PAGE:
elaboration of the primary melt in an ultra-high power electric furnace, followed by a secondary metallurgy stage with strong desulfurization, addition of ferroalloys and Cr, and then modification and flotation of inclusions until a formulation comprising 1.5-4.0% by weight of Cr, 0.06-0.10% by weight of C, 0.3-0.8% by weight of Mn, not more than 0.005% by weight of S, not more than 0.015% by weight of P, 0.20-0.35% by weight of Si, 0.25-0.35% by weight of Mo, 0.06-0.9% by weight of V, approximately 0.22% by weight of Cu, approximately 0.001% by weight of Nb, approximately 0.028% by weight of Ti, not more than a total O of 25 ppm, where the balance is given by Fe and unavoidable impurities, is obtained;
casting by continuous casting;
rolling in a continuous roller, of the restrained or floating mandrel type (Multi-stand Pipe Mill (MPM) or continuous mandrel mill), following a first heating stage conducted at temperatures substantially comprised within the range of 1200-1300° C. for a period of approximately 1 hour in an atmosphere of combustion gases with an O2 content going from 1 to 1.5%, and a second heating stage conducted at a temperature substantially comprised within the range of 850-1100° C. in an atmosphere of combustion gases with an O2 content going from 1 to 1.5% for an approximate period of 30 minutes; and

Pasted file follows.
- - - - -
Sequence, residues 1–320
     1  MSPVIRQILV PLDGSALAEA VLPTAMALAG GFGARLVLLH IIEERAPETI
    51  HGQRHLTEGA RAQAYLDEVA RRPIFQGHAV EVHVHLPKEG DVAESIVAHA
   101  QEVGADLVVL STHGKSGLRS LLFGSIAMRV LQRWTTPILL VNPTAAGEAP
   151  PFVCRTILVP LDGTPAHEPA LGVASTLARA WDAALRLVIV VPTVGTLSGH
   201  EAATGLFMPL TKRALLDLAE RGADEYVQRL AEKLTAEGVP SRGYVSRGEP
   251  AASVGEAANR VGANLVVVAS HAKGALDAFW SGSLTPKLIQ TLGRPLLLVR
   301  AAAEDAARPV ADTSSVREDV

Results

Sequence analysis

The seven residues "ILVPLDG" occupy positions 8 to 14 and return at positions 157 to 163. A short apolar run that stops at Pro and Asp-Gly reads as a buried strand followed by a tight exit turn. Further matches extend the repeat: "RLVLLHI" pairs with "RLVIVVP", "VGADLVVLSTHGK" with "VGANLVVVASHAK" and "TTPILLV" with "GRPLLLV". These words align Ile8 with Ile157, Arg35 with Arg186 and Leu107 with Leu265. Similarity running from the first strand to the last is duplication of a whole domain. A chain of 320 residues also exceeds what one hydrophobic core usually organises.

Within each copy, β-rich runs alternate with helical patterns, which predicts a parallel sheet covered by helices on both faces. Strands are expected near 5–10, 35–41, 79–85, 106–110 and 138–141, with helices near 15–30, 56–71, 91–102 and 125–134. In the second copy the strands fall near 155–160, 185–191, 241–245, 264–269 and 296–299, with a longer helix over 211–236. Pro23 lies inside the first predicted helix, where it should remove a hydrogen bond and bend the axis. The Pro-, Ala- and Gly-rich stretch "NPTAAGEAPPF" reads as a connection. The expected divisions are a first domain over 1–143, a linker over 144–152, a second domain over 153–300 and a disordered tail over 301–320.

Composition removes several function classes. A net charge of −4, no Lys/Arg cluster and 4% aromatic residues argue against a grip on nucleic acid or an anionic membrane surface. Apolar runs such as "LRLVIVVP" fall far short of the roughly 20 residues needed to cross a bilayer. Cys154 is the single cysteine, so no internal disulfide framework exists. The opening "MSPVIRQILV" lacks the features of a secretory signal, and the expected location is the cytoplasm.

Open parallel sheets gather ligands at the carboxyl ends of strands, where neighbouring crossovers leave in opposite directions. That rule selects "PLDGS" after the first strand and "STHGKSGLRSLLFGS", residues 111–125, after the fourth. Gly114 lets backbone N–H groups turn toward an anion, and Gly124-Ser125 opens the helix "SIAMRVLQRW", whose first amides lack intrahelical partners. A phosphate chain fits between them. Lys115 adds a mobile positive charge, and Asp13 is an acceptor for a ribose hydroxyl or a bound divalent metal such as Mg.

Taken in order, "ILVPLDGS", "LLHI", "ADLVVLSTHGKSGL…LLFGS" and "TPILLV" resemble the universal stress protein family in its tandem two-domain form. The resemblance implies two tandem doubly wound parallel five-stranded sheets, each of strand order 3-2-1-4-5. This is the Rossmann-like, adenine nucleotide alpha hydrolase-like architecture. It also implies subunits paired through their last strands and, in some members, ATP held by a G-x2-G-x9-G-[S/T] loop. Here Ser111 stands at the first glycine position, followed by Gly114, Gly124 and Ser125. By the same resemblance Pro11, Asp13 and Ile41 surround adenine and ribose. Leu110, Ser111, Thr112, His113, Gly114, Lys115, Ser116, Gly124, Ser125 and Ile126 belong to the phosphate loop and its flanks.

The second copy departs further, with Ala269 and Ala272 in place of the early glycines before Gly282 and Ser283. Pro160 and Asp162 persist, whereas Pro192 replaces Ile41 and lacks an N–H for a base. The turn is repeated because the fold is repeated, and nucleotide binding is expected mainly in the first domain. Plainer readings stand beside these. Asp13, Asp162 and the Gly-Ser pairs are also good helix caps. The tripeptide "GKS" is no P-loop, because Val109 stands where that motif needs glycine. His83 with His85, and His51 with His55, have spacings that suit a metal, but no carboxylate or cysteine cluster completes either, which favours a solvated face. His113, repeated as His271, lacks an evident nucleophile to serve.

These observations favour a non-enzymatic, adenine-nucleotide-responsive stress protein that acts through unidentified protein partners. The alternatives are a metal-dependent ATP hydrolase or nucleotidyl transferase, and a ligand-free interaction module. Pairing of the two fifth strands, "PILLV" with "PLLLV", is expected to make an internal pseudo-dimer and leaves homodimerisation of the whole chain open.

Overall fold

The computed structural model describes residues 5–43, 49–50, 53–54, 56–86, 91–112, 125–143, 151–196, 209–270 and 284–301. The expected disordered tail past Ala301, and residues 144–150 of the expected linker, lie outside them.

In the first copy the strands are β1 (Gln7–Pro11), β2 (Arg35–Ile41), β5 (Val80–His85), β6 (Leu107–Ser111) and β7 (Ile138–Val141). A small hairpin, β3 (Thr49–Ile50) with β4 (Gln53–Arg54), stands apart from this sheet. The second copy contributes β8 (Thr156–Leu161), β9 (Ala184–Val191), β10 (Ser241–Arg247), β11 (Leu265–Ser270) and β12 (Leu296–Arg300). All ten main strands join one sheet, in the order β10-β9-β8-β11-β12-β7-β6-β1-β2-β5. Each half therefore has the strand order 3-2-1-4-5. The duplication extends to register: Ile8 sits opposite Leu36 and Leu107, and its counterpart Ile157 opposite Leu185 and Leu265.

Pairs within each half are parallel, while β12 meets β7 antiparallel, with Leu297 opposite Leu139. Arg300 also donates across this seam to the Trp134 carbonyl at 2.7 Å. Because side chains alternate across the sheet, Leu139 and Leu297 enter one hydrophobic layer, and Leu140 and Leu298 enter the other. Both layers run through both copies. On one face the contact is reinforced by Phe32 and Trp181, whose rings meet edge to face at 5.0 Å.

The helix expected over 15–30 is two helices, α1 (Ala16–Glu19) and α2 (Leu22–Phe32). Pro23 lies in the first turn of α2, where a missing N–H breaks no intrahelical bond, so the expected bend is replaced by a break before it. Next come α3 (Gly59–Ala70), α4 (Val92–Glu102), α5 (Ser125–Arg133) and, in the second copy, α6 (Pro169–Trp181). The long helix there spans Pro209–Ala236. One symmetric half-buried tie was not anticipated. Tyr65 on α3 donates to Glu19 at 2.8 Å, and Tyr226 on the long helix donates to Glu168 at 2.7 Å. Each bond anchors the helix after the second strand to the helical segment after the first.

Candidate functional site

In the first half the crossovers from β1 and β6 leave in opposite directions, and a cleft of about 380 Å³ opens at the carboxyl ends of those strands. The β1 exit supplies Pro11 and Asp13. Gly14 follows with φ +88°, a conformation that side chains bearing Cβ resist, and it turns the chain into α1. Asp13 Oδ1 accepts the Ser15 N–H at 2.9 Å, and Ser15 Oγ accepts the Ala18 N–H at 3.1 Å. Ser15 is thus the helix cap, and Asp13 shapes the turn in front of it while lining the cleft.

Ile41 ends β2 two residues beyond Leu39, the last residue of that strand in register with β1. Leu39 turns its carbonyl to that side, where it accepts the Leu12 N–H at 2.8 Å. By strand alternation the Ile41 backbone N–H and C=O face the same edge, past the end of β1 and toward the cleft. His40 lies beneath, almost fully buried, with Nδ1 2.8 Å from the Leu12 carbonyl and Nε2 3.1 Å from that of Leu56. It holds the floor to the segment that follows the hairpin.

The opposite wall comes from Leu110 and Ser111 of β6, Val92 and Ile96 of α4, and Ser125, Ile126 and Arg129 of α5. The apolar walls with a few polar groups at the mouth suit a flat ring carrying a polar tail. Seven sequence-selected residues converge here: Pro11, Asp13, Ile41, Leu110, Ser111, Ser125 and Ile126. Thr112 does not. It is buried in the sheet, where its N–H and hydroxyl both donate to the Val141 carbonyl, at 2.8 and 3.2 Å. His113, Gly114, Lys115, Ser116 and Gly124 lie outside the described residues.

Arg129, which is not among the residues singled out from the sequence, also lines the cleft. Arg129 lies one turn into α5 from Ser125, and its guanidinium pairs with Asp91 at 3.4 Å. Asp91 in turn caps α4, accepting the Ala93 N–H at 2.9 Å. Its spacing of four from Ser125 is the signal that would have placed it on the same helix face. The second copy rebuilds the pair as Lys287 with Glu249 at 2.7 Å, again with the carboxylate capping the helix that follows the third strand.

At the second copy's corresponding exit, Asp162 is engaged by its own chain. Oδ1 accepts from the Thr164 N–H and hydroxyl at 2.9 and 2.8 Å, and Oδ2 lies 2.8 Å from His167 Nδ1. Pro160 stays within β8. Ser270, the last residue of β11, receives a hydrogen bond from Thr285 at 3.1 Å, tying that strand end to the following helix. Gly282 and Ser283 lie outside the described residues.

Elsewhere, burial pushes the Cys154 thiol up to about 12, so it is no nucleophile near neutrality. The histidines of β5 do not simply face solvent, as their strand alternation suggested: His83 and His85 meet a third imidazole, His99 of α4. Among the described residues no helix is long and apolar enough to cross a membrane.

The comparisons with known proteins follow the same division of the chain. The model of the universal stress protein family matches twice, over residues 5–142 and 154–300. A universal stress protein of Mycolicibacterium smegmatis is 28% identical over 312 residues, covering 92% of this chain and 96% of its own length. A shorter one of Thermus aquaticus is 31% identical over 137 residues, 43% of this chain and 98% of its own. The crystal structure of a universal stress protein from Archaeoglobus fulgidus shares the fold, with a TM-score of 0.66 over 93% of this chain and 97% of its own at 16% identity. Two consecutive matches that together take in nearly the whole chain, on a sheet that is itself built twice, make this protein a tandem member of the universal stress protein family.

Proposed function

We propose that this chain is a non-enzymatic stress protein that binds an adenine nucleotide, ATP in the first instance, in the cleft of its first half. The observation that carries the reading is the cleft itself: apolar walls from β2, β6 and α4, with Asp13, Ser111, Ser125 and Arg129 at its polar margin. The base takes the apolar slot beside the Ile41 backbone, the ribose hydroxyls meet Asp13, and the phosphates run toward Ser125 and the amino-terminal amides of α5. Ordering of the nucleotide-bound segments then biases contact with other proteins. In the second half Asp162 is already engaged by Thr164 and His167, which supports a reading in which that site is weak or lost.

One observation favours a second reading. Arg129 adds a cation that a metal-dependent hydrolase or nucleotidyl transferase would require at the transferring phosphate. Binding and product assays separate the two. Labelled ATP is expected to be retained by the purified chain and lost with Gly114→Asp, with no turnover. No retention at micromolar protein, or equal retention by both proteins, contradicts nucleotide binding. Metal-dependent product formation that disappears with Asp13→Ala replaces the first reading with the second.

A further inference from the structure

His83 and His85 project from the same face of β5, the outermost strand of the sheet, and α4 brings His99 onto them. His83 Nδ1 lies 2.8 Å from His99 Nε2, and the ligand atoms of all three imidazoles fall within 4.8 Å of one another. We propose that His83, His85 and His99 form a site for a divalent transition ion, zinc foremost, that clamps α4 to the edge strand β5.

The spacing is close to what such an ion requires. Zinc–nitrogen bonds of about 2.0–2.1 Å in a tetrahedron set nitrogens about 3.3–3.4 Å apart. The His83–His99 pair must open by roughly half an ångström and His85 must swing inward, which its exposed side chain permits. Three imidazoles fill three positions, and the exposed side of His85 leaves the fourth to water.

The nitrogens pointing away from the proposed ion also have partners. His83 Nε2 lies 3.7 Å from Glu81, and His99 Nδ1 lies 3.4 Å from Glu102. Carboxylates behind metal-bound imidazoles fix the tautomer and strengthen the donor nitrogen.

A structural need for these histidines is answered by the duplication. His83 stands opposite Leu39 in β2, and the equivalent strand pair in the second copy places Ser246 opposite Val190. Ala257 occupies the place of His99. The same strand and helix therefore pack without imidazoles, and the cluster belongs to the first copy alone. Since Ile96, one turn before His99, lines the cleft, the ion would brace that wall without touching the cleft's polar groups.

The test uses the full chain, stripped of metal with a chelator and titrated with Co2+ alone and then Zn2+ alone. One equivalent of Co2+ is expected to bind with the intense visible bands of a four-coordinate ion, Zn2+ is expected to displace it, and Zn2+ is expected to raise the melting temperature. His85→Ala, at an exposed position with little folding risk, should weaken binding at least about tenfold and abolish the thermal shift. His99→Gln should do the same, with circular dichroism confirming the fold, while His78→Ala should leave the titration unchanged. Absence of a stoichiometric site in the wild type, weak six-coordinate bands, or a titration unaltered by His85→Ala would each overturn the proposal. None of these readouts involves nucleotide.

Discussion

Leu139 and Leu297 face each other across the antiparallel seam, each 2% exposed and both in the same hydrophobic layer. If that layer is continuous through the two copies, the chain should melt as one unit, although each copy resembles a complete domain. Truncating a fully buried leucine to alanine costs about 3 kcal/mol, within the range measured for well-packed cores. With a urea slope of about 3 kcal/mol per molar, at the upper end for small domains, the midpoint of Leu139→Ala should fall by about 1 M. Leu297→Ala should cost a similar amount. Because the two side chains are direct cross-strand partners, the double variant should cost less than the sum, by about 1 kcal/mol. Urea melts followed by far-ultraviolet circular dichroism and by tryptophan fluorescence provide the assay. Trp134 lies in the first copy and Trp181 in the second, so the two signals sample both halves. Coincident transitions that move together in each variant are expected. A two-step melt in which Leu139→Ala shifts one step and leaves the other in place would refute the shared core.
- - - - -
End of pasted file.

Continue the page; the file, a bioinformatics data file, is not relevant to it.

austenizing, quenching, and tempering for periods of approximately 1 hour at temperatures ranging between 500 and 720° C.
9. A process according to claim 6, wherein casting by continuous casting is performed with a maximum overheating of 35° C. and a controlled superficial cooling of the bars in the continuous cast cooling plane not exceeding an average of 10° C./min at temperatures ranging between 900° C. and 500° C.
10. A process, according to claim 6, wherein the steel contains:
3.3% by weight of Cr, 0.08% by weight of C, 0.47% by weight of Mn, 0.001% by weight of S, 0.014% by weight of P, 0.28% by weight of Si, 0.29% by weight of Mo, 0.52% by weight of V, 0.22% by weight of Cu, 0.001% by weight of Nb, 0.028% by weight of Ti, not more than a total O of 25 ppm, with the balance being Fe and unavoidable impurities.
11. Low-alloy carbon steel seamless pipes for the exploration and the production of oil and/or natural gas having an improved resistance to corrosion, wherein such pipes are manufactured according to the process of claim 6.